March 21, 2022
Several debts can be eliminated through bankruptcy, but others will remain on your record.
Through bankruptcy, those who are drowning in debt can either reorganize (Chapter 13) or liquidate their debts (Chapter 7). Bankruptcies commonly discharge certain debts. Upon discharge of a debt, a creditor cannot pursue collection or seize collateral against the debtor. There are, however, some debts that cannot be discharged, and others are extremely difficult to discharge.
- If you file for Chapter 7 or Chapter 13 bankruptcy, then the court may discharge some of your debts.
- This means that you do not have to pay back your debt. Nor can the creditors come after you for money. Even if the court decides to get rid of your debt there still may be some debts that cannot be bankrupt.
- Certain debts, however, are not eligible for discharge, and some can be discharged only in rare cases.
Chapter 7 vs. Chapter 13
Two of the most common types of personal bankruptcy are Chapter 7 and Chapter 13.
If you file for Chapter 7 bankruptcy, you will have a trustee sell off many of your assets to pay off creditors. The good news is you will not be forced to liquidate all your assets. Some examples are equity in your home, your car, clothing, tools you need for your workplace, pensions, and Social Security benefits.
In addition to your primary residence, nonexempt property that can be sold include a second house, a second car, a boat, collections, or other valuable items, as well as bank and investment accounts.The Administrative Office of the United States Courts(1) reports that your Chapter 7 debts are usually discharged four months after you file your petition. (Although some rules differ from state to state, bankruptcy is governed by federal law and handled by federal bankruptcy courts.)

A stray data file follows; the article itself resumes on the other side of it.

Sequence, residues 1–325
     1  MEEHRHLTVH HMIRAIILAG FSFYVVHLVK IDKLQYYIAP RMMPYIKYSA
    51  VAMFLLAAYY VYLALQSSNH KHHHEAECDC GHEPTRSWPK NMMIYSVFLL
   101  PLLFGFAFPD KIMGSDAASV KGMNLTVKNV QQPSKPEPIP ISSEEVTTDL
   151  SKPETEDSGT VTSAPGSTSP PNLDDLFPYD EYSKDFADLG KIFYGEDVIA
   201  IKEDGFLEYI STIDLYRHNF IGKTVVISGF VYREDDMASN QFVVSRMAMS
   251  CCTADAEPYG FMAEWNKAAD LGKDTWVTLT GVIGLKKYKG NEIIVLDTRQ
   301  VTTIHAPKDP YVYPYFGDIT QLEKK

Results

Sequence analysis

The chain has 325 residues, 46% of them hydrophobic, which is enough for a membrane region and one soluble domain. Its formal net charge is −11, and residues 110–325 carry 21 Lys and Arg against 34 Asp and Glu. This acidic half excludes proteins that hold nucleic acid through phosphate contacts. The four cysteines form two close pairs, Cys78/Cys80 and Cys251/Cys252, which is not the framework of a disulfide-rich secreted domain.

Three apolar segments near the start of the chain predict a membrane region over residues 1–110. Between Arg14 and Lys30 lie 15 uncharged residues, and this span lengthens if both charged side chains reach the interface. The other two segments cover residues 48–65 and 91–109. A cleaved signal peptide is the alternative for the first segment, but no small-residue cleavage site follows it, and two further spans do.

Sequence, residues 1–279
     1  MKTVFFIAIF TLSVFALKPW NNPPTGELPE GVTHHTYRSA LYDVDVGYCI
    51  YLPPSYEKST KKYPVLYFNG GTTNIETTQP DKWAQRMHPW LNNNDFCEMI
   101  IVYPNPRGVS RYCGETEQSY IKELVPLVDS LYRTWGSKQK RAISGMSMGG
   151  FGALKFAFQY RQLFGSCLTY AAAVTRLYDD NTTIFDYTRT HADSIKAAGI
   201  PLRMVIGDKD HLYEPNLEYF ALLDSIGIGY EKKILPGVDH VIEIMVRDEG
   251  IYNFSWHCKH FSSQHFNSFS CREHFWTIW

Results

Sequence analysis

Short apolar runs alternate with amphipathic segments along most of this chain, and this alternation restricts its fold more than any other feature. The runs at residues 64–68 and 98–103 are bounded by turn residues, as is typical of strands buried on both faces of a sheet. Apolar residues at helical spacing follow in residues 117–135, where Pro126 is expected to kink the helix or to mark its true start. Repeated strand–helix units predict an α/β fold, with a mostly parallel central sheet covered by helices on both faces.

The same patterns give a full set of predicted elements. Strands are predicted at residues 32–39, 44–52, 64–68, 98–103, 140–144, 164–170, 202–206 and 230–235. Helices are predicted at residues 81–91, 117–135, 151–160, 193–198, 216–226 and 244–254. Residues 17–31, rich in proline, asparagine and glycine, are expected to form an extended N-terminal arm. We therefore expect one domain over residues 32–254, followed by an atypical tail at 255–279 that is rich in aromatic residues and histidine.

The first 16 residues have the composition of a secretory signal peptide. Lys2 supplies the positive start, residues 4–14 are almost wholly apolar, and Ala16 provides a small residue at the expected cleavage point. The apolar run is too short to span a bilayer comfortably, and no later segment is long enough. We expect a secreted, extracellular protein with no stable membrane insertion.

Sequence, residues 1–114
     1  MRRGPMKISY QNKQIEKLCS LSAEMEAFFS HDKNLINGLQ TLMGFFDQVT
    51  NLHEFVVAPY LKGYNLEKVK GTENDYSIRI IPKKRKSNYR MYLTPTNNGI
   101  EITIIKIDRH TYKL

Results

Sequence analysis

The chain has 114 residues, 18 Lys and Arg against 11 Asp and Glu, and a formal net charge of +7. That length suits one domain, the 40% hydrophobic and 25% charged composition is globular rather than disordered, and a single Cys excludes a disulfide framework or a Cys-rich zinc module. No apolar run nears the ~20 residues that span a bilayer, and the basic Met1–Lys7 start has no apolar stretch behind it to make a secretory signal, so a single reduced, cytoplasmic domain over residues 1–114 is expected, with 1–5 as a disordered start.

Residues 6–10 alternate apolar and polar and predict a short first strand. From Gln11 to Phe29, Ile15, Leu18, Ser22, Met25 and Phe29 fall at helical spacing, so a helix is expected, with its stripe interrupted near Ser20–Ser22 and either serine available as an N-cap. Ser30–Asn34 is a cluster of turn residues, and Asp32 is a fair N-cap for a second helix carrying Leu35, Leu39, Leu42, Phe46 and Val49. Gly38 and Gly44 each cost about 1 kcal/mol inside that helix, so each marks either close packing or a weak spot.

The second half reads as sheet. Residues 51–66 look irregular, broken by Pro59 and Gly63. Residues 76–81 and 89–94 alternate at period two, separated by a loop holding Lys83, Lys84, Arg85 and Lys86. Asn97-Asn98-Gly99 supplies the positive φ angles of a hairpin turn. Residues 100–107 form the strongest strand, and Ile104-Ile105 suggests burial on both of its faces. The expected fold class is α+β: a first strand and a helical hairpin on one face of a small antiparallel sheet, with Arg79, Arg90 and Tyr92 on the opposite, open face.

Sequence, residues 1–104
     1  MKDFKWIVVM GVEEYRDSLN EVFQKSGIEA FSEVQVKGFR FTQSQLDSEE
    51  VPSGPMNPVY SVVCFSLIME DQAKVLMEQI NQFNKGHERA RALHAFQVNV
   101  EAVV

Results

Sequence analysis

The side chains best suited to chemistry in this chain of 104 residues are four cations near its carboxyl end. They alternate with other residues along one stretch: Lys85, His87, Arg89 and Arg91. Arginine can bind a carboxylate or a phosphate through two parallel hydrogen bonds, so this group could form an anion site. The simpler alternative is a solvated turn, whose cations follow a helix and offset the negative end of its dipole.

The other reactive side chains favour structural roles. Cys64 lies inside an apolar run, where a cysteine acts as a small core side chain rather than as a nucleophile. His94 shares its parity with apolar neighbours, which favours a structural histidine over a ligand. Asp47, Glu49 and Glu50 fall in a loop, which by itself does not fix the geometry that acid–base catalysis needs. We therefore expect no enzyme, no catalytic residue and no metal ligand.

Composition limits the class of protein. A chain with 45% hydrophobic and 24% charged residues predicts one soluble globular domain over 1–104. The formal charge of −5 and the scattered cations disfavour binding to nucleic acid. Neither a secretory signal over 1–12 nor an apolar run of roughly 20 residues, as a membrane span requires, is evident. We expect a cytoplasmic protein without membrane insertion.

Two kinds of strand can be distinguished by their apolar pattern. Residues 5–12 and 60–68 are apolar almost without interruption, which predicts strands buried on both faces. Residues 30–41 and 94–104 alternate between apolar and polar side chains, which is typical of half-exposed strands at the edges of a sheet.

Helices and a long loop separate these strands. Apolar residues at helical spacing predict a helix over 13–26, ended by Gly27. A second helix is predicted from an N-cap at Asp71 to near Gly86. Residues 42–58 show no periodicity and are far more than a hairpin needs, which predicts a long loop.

Alternatively, if you file for Chapter 13, you will pay back an agreed-upon portion of your debt over a three- to five-year period. The non-exempt assets can be kept as long as you comply with the terms of the agreement. After the period is over, any remaining debts will be discharged.
Most people who are in financial difficulty choose Chapter 7. For example, Chapter 7 qualifies you only if you can prove you can’t pay back your debts. Other than that, the court might decide Chapter 13 is the only option.
Non-dischargeable debts in bankruptcy
Creating a fresh start in your life is the goal of Chapter 7 and Chapter 13 bankruptcy. However, not all debts are dischargeable.
Under Chapter 7, Chapter 13, or Chapter 12 (a more specialized form of bankruptcy for farmers and fishermen), there are 19 categories of debt that cannot be discharged. (1) Examples of non-dischargeable debts vary depending on the chapter, but usually include:
- Alimony and child support.
- Tax liens, such as unpaid taxes. If the taxes date back several years, some federal, state, and local taxes may be eligible for discharge.
- If you have harmed someone or their property intentionally. By “willful and malicious”, we mean deliberate and without justification. There may be a discharge of debts for damage to property only in Chapter 13 bankruptcy.
- Liabilities for wrongful deaths or personal injuries resulting from the debtor’s operation of a motor vehicle while intoxicated or impaired.
- Unreported debts.
Any condominium and cooperative association fees, as well as any other debts not discharged in a previous bankruptcy, will not be discharged in a Chapter 7 bankruptcy. The best way to keep your car is to reaffirm your loan and keep making payments. Likewise, even if you owe money on your home, you can usually keep it if you declare bankruptcy, provided you continue to make payments and do not have more equity than your state or federal bankruptcy laws permit.